Dubai: Game two of the FIDE World Championship gave viewers a glimpse of what may be a pivotal over-the-board battlefield as titleholder Magnus Carlsen set the pace with the advantage of the first move today.
Fully focused, the champion chose to play the Catalan Opening against challenger Ian Nepomniachtchi, and just as in game one, there was an intriguing psychological dance in the first phase of play. This plunged the challenger into long thought surprisingly early, and it soon appeared that Carlsen had succeeded in snaring his opponent in a dangerous line doubtless prepared in his training camp.
US grandmaster Fabiano Caruana, the previous world title challenger, called the development of the first stage of the game for the challenger “any player`s ultimate nightmare ” – getting caught in a sharp position of your opponent`s preparation.
Although it is too early to declare a trend after two drawn games, it is impossible to ignore the unexpected sight of the supposedly quiet Carlsen intent on sacrificing material to create pressure and a more solid stance from the normally aggressive challenger.
Despite the fierce early pressure on Nepomniachtchi, the immense complexity of the position meant that one slip from Carlsen could swing the balance – and that slips were in high supply.
Experts pointed to Carlsen`s 17th (17.Ne5) move as inaccurate, and there was visual confirmation as the challenger suddenly began to play at his patented high speed, while the champion began to burn thinking time, realizing that he would have to sacrifice even more material to avoid a grim defence.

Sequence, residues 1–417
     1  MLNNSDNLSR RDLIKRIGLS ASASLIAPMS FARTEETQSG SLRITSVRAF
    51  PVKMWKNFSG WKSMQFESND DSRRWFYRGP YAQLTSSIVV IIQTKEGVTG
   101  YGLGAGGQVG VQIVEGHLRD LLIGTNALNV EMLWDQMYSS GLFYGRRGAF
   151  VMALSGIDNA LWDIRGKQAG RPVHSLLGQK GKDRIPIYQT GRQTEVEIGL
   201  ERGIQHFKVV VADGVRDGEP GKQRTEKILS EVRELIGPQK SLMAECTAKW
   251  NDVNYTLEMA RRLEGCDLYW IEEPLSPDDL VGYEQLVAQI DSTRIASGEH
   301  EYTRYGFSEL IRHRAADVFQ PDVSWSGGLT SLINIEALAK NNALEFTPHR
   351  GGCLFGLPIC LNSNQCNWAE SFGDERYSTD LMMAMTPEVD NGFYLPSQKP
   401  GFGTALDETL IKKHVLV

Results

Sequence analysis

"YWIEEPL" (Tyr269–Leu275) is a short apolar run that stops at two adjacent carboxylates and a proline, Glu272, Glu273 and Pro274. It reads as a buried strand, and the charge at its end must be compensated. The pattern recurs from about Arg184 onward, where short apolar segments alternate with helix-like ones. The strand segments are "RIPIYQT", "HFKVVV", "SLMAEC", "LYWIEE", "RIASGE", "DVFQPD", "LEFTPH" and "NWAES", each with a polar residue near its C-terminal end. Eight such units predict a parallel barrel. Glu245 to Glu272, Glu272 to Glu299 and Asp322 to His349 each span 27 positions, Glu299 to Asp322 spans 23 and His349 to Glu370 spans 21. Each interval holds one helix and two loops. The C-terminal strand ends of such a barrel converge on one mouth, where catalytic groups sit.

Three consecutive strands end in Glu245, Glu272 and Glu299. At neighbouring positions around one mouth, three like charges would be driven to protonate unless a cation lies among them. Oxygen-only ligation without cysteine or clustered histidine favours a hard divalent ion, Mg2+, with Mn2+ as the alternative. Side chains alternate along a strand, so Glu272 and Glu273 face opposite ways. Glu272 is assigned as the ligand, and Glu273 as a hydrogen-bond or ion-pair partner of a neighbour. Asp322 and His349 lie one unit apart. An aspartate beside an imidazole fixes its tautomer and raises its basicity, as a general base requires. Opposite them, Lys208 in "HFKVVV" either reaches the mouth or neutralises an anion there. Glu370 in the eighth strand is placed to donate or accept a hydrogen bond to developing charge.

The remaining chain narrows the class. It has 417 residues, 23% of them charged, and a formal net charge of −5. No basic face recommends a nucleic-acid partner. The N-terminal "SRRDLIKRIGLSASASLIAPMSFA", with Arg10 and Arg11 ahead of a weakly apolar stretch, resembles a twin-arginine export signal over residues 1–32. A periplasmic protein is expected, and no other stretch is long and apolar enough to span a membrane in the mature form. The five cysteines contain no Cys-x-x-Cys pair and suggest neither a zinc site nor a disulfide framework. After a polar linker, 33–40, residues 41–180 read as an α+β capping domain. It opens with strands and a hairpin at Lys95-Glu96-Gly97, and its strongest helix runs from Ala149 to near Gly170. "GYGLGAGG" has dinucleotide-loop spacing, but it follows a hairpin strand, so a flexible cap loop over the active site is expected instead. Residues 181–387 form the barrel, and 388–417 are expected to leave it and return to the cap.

The challenger appeared to let some of his edge slip with some patented swift play, and as the position began to clarify, the champion clawed his way to safety.
Game two was a breathtaking clash, with champion Carlsen getting an early grip on both board and clock.
The players confirmed this in the post-game press conference, with Magnus admitting he had totally overlooked Ian`s 18th move, and that he then realized he was in danger rather than in the ascendancy.
Carlsen summarized the match so far as `atypical of both players`, explaining that the games were just fights and that it might settle down later.
The question of colours
Although the advantage of the first move carries a clear statistical superiority, it is quite common for the reverse possibility to come up for debate during a title match – might there be more positives to playing with the black pieces in the unusual setting of a lengthy one-on-one duel?
Historically, this often resulted in some probing in the early stages, with the white player gradually and cautiously discovering where his opponent had decided to fight.
Based on reporting by the official Website of the FIDE World Championship.